PEOPLE living in a road bedevilled with parking problems are celebrating after Wiltshire councillors turned down plans to turn a former school into six homes.

Darren Saunders of Estcourt Crescent, Devizes, who led the battle to stop the Diocese of Salisbury converting Southbroom School House, was delighted that the eastern area planning committee refused the scheme despite it having the backing of officers.

Mr Saunders said: "We are very grateful to the councillors, especially Sue Evans, who was the person who asked for the plan to be called in so it could go to committee and then spoke about the worries of residents. The town councillors have also been absolutely fantastic in their support.

"We are not against the building being converted into homes just the lack of parking. We expect there will be either a revised plan or an appeal but we will have to wait and see."

Just before the start of the planning meeting at the Corn Exchange in Devizes on Thursday the diocese attempted to revise its plan to include an extra parking space but this was not allowed.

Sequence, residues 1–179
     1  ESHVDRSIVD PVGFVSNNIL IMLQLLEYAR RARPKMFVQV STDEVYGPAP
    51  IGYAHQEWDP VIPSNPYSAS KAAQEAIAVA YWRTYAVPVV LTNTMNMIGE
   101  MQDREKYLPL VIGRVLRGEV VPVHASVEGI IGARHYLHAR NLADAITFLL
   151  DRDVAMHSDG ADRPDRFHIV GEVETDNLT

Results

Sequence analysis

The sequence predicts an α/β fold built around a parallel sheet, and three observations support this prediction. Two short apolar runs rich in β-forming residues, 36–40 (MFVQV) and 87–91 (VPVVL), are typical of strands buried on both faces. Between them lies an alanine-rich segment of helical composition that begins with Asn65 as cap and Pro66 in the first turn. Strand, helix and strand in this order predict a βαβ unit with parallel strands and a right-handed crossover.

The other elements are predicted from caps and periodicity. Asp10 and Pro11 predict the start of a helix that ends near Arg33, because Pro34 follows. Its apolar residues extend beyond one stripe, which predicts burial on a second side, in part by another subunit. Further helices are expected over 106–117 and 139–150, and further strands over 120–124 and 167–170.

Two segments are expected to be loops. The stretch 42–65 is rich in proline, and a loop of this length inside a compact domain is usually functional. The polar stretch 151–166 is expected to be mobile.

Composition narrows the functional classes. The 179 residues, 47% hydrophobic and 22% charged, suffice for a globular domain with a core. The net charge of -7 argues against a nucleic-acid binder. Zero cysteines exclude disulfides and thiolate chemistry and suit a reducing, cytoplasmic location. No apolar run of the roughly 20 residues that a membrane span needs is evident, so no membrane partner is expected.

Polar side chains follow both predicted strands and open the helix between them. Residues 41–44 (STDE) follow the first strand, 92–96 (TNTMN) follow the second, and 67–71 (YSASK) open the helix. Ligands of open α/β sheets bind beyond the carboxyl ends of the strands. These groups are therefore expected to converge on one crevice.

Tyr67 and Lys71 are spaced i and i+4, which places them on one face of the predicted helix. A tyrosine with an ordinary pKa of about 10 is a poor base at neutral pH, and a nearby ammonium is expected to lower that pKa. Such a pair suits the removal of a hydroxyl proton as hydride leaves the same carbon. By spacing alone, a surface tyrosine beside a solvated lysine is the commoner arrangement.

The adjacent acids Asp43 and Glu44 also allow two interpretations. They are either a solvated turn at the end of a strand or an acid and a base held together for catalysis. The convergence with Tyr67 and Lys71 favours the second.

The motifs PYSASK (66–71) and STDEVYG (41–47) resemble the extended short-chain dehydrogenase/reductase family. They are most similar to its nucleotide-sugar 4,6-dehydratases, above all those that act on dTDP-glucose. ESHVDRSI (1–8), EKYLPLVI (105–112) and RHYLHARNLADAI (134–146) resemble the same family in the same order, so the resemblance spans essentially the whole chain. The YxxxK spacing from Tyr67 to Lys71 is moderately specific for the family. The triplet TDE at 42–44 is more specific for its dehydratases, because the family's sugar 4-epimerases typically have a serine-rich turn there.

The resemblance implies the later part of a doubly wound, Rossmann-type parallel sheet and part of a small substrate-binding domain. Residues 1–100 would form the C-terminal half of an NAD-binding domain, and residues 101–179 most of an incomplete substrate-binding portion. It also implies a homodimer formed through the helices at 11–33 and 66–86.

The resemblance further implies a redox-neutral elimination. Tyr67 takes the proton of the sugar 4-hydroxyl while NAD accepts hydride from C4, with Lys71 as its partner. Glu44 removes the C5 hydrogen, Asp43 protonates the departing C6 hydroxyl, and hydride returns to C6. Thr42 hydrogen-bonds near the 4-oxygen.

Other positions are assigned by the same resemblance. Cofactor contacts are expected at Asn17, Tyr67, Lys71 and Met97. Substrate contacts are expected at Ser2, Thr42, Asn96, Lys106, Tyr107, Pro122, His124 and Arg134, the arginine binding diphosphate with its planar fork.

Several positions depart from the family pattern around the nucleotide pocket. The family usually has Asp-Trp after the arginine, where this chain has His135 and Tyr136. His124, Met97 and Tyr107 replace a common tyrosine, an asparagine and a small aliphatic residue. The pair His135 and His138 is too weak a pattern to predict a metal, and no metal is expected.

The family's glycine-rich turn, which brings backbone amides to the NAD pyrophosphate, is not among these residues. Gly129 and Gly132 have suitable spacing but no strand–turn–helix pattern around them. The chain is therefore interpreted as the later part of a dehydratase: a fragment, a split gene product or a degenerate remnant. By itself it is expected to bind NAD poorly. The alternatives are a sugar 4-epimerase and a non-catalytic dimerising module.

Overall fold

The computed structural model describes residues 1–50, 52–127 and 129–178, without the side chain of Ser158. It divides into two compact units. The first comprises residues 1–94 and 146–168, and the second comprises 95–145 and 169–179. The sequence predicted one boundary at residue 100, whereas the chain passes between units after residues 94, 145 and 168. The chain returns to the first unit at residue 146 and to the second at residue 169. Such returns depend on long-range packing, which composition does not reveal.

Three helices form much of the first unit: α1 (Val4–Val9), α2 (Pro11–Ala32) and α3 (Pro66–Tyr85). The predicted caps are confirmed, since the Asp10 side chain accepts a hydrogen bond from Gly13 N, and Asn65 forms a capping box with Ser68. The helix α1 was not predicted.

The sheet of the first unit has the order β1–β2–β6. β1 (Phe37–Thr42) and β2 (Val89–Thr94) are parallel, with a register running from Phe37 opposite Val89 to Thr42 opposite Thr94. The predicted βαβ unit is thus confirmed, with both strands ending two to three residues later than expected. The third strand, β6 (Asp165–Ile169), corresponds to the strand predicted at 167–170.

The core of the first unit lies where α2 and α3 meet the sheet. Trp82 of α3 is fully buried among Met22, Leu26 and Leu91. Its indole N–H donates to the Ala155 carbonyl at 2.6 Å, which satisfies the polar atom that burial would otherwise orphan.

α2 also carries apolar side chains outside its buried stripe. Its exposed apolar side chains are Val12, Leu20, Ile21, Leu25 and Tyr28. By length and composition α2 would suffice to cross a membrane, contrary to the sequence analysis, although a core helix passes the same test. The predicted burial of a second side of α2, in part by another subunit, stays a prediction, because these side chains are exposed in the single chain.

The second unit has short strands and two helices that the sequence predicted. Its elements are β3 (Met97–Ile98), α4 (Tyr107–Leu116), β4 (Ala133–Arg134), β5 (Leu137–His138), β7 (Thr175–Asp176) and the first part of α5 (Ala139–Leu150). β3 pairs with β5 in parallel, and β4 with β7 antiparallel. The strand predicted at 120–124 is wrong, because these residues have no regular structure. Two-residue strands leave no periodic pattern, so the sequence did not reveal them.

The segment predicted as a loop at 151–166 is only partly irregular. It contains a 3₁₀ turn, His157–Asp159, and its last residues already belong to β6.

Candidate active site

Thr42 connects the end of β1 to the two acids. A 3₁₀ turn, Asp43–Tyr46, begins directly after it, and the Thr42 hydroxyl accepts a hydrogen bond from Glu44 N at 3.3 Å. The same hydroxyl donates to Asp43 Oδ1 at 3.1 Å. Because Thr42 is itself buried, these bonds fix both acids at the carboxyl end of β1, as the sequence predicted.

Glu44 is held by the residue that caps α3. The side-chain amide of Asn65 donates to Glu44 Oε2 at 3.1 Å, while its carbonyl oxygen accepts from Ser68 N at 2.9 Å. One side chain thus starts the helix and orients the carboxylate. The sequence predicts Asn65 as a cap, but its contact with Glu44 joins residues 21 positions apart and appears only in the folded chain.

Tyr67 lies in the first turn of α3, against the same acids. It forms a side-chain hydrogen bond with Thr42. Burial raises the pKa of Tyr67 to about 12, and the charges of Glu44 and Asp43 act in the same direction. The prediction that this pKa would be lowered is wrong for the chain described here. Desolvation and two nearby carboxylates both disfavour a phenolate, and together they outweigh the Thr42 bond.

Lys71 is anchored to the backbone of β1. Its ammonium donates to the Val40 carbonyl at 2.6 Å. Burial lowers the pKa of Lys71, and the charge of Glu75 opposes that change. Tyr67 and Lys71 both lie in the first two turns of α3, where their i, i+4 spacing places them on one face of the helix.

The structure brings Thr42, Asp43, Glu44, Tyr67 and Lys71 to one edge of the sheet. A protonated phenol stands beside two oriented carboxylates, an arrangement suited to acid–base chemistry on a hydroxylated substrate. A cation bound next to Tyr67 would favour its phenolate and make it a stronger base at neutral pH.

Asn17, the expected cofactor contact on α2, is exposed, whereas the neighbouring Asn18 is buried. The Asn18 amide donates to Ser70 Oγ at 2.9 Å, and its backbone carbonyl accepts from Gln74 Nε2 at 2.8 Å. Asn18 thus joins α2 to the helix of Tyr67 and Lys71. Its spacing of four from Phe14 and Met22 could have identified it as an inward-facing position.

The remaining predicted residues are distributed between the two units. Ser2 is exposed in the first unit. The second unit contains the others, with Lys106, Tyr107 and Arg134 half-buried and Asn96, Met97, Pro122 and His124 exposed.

A report to the meeting pointed out that Estcourt Crescent suffered badly from parking problems. It said: "Estcourt Crescent is not only used by local residents, but is currently heavily used by other people who park for long periods during the day if they can find a space, and who work in the town centre."

It was also noted that people visiting a nearby dentist surgery used the road for parking.

But officers recommended the conversion of the former school should be allowed.

Before the meeting Mr Saunders said: "The diocese which owns the site has put forward plans for six residential properties, for 20 people. The development only has six parking spaces, half the number that a new build of this size would need.

"In an area which is already over capacity for parking and struggles with congestion how can Wiltshire Council even consider an application like this?

"This is the second application the Diocese have submitted, they are fully aware of the objections raised by concerned residents, but has chosen to ignore them.

"The Diocese is putting profit over the community they say they support."

A spokesman for the Diocese said: "We were obviously very disappointed in the result of the Area Committee meeting. We will now discuss how to revise the plans with our professional advisors, and as part of that process, we will be seeking to proactively engage with local residents in order to address or obviate their concerns.”